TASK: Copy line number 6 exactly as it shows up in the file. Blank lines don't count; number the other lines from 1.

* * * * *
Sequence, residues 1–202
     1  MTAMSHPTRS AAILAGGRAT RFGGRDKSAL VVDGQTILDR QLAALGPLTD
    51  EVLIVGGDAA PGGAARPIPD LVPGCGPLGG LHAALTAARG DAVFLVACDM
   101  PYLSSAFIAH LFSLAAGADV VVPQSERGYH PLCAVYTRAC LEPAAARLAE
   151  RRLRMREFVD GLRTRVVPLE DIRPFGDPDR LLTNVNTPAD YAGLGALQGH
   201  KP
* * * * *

   201  KP